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Company Town : Help Wanted: Talent's Rare, Experience Short on Interactive Frontier

March 24, 1995|AMY HARMON

Hollywood's Dream Team is looking for a few good multimedia developers--75 of them, to be exact--and Los Angeles is swarming with eager applicants who want to "get into interactive."

But finding the right combination of talent is one of the hardest jobs in an infant industry that requires a peculiar mash of the high-tech and the creative, for which there is no formal training and where old-timers typically have a whopping three years of experience.

Even mighty Microsoft, the software giant that joined DreamWorks SKG earlier this week in announcing plans to invest $30 million in a joint venture producing interactive adventure games and stories, has had a tough time getting the right mix.

That is one reason Bill Gates chose to hook up with the likes of DreamWorks founders Steven Spielberg, Jeffrey Katzenberg and David Geffen. DreamWorks Interactive will be based in Los Angeles, with a smaller studio near Microsoft's headquarters in Redmond, Wash., and will no doubt be a boon to those trying to build Los Angeles into the multimedia capital of the universe.

But as denizens of the interactive business reel from the infusion of star power into their industry, they caution that the success of this ultimate marriage of content and technology will depend on whom the new venture conjures up to do the actual work.

Computer jocks who have their calloused fingertips on the pulse of pop culture, it seems, are few and far between.

"I have 50 open positions, we have recruiters all over the place and we're paying significant stock options," said Robert Kotick, chairman of Activision, a Los Angeles-based video game company. "It's incredibly difficult to find people."

Neil Young, production vice president at Virgin Interactive in Irvine, said salaries for game developers have risen about $10,000 in the last 18 months as demand has vastly outpaced supply. A key member of a game development team can command more than $100,000.

"There are a lot of companies getting into this business and there are a finite number of good programmers," Young said. "When we find them, we do what we can to hold onto them."

They're not the only ones. Even young start-ups with little extra cash to throw around have learned to treat their talent well.

Graphix Zone, another Irvine interactive firm, recently sent several of its developers and their significant others on expense-paid vacations to the Napa Valley after several intense months spent jamming out "Highway 61 Interactive," a CD-ROM based on the music of Bob Dylan. Other perks include weekly visits from a masseuse, stock options and an extremely well stocked refrigerator.

"We have a whole development team going to Paris next month," said Graphix Zone executive vice president Angela Aber. "There are so few people who have suffered the slings and arrows of data rates off of CD-ROMs and other esoteric problems that come with the territory in this business."

Raiding is a frequent practice in the incestuous industry, although few will admit it. And when talented people are laid off, fair and square, they are snapped up long before they have a chance to fax a resume. Time Warner Interactive's marketing vice president, Ralph Giuffre, wasted no time when he heard of several developers being laid off in a restructuring at La Crescenta-based Knowledge Adventure on Monday. He had three of them in his office by Thursday.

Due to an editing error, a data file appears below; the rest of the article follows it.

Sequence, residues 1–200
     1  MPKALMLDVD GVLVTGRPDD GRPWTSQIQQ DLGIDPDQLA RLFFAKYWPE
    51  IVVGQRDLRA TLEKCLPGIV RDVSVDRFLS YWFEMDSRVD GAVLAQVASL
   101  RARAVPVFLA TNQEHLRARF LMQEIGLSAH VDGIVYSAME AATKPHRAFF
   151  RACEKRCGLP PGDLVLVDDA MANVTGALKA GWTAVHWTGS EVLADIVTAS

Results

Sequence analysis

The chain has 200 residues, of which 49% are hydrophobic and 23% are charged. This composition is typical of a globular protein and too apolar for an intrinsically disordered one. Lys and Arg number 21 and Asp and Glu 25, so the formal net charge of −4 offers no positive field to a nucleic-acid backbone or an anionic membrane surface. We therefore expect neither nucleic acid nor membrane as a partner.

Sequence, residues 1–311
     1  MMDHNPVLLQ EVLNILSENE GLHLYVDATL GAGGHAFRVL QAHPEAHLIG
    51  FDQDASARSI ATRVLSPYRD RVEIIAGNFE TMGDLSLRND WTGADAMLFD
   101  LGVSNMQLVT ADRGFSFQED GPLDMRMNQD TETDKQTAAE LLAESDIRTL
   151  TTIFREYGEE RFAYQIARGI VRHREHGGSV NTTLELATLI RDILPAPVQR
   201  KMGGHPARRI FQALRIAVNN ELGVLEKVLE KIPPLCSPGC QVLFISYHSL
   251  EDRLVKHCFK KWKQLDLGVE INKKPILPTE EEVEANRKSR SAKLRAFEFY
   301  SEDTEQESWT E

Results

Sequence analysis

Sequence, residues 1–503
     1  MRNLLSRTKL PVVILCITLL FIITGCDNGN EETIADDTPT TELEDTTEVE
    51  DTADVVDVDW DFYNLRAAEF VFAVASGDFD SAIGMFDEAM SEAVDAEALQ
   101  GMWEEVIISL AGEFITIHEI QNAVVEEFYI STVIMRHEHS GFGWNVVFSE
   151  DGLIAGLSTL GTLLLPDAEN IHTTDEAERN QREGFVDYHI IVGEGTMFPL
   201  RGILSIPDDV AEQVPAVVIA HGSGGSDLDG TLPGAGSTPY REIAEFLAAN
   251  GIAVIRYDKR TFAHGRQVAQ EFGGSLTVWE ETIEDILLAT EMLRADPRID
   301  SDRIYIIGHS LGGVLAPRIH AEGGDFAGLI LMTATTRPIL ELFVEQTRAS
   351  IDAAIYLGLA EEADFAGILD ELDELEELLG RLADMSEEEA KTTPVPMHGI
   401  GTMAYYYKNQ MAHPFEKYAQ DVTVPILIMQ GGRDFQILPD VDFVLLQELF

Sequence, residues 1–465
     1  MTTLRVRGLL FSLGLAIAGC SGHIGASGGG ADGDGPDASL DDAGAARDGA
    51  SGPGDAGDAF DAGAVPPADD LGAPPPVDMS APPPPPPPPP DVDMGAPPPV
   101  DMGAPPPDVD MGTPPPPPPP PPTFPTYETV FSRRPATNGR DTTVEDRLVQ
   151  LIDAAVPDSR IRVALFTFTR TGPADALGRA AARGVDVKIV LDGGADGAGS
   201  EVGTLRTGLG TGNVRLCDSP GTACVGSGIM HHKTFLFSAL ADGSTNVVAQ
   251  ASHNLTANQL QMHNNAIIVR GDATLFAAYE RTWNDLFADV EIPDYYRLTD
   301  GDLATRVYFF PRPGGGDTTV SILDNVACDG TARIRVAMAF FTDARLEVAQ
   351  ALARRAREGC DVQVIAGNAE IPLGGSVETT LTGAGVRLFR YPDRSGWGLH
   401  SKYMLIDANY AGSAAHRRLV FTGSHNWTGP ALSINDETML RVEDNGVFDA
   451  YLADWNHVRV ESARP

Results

"I'm sure those people have been talked to by Disney and Sony and DreamWorks too," Giuffre said. "If you have talent you're going to be able to write your own ticket. It's a seller's market."

Industry executives concede that DreamWorks Interactive may find it easier to attract talent than the average interactive start-up, simply by virtue of its marquee names and the excitement it has generated. Indeed, the company's phones and fax machines were busy Thursday as applicants barraged the new firm with inquiries.

"No one knows if (applicants) are talented or not, but they're getting a lot of calls," a DreamWorks spokesman said.

In an industry that has more than its share of flakes and wanna-bes, the question of talent is no idle one. Because it is a business where everyone is fumbling, multimedia attracts some people who want to do it simply because it is new.

Activision's Kotick said: "Every failed talent in Hollywood, everyone that hasn't been successful in linear media, sees this as a second chance."

"We need people who can think outside of the traditional media to come up with something new that's fresh and different," Giuffre said. "When someone comes in here and says, 'Oh wow, you could take all your Warner Bros. movies and turn them into CD-ROMs!'--Bzzzzz! Next!"

How to separate the interactive wheat from the chaff? Says Aber: "When someone gets it, you know."


DreamWorks Interactive doesn't plan to release products until Christmas, but consumers won't have to wait that long to see Steven Spielberg's first interactive production. Under a previous deal, he is working on five multimedia products with Knowledge Adventure. One is based on "Casper," a movie he is also producing.

After hitting it off with founder Bill Gross, Spielberg last summer took an equity stake in the firm best known for educational CD-ROMs such as "3-D Dinosaur Adventure." In light of his new and potentially competitive venture, Spielberg said this week he would meet his commitment to do five CD-ROMs, but added: "At that point my services will have concluded with Knowledge Adventure."

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